Local news outlet Nexta published one protocol, from a polling station where it was claimed the result was not fixed, showing 707 votes for Tikhanovskaya (62.2%) and only 428 for Lukashenko (37.7%). Another exit poll cited by Anders Aslund, the Swedish economist and a Senior Fellow at the Atlantic Council, gave Tikhanovskaya 69.7% and Lukashenko 16.3% from 58,500 votes.

Tikhanovskaya came out of hiding on voting day to cast her ballot wearing a smart white suit and grinning as she dropped her voting-paper into the box for the cameras. In a few short weeks she has been transformed from a housewife and mother to a titanic political force who has managed to unite almost the whole country behind her simple message of change and justice.

As reports of street fighting started to come in Tikhanovskaya made an appeal to the country’s security forces, calling on them to stop their attacks on the people and for her supporters to exercise restraint. “I want to ask the militia and troops to remember that they are part of the people. Please stop the violence,” she said in a statement.

No one was killed, although one man who had been clinging to the front of a police truck that drove through a crowd in Minsk fell and may have died. Another man was reportedly shot in the chest and is in hospital in critical condition. Casualties remain relatively few, but social media show some victims of police beatings and rubber bullets bloodied and being attended to by other protestors. One man had part of his foot blown off by a stun grenade.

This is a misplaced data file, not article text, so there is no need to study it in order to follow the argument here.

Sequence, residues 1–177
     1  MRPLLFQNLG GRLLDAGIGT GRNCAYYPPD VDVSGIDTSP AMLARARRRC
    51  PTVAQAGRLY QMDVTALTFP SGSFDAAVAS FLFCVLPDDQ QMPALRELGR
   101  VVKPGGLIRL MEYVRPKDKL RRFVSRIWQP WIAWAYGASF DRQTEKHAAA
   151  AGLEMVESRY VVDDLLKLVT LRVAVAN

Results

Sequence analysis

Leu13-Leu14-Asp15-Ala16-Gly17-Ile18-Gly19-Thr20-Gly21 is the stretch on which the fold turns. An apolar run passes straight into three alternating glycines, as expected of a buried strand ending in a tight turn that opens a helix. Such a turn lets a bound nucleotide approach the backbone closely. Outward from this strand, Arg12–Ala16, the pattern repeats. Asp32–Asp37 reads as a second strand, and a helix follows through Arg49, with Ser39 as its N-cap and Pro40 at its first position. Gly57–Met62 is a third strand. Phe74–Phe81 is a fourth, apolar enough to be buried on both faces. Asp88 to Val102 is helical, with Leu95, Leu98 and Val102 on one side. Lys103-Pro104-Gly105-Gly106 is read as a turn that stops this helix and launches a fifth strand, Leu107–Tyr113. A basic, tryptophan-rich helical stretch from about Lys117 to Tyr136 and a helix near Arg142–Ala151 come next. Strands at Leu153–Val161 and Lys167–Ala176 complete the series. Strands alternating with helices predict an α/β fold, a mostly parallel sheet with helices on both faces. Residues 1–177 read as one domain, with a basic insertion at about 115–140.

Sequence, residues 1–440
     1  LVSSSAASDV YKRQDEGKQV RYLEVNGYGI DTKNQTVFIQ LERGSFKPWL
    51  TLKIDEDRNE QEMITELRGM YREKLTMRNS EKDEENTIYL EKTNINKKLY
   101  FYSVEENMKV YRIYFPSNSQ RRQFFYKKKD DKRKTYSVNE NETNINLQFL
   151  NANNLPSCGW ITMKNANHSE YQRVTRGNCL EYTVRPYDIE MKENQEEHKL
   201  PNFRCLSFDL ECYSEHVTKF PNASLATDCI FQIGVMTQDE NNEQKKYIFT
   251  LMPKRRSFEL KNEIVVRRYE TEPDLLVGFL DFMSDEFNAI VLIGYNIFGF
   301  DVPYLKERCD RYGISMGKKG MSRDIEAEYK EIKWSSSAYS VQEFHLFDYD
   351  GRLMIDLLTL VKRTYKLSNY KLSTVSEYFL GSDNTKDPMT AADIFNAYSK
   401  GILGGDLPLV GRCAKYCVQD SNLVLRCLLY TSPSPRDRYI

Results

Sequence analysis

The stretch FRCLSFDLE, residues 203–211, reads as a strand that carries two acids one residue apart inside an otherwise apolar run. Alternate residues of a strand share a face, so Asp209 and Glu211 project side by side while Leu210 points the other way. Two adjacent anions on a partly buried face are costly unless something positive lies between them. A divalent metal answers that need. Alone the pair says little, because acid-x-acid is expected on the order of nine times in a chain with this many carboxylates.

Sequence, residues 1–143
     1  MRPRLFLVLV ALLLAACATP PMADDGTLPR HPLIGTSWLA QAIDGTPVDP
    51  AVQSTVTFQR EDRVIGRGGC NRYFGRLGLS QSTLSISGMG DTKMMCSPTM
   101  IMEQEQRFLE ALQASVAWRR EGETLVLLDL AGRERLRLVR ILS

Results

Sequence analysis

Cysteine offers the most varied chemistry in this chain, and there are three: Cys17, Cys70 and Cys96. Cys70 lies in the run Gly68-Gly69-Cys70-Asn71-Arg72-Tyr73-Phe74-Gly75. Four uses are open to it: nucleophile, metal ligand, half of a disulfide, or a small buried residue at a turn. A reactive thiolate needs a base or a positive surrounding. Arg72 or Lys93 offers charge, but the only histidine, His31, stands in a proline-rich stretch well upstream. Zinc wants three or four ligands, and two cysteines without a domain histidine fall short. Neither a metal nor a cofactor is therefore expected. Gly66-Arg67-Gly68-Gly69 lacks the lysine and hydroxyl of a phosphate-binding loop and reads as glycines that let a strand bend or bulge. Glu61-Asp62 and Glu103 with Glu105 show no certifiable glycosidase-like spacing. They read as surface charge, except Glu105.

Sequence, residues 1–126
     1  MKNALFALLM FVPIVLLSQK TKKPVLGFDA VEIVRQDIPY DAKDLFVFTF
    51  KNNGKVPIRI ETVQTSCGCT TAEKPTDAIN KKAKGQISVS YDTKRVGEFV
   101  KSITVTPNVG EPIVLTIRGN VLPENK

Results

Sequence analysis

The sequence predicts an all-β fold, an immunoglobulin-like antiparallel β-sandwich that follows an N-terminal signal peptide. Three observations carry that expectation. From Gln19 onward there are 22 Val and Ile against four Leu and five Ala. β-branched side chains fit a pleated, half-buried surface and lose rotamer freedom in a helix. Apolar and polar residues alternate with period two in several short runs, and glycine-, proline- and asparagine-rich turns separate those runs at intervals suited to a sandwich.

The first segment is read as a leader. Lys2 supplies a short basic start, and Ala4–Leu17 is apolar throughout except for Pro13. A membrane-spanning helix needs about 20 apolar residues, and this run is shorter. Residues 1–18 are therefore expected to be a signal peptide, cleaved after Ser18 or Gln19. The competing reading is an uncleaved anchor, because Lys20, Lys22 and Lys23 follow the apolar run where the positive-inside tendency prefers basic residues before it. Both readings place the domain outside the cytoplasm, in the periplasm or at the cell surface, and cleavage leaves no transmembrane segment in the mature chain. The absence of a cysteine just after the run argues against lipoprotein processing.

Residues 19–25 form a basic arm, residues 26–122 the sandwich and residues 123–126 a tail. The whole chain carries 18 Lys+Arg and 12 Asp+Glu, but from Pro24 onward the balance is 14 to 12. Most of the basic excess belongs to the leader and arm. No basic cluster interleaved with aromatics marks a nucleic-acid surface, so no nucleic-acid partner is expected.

There have been small rebellions amongst the security forces too. Riot police refused to attack protesters in several of the regional towns, including Lida and Zhodzina, according to reports. In Kobryn in the Brest region, video released on social media shows

Backlash

The official exit polls reported a crushing victory for Lukashenko and the capital Minsk was immediately put under lockdown after polls closed by a heavy military presence.

As the evening wore on, a few thousand marched into the centre of town, where they clashed with police. The latter used tear gas, violence and flashbang grenades to try to disburse the crowds. In regional cities protestors overwhelmed local police and took control. Residents of Brest, where Tikhanovskaya held her second biggest rally, report that police used tear gas to try and disband the gathering, as well as large crowds marching on the city centre.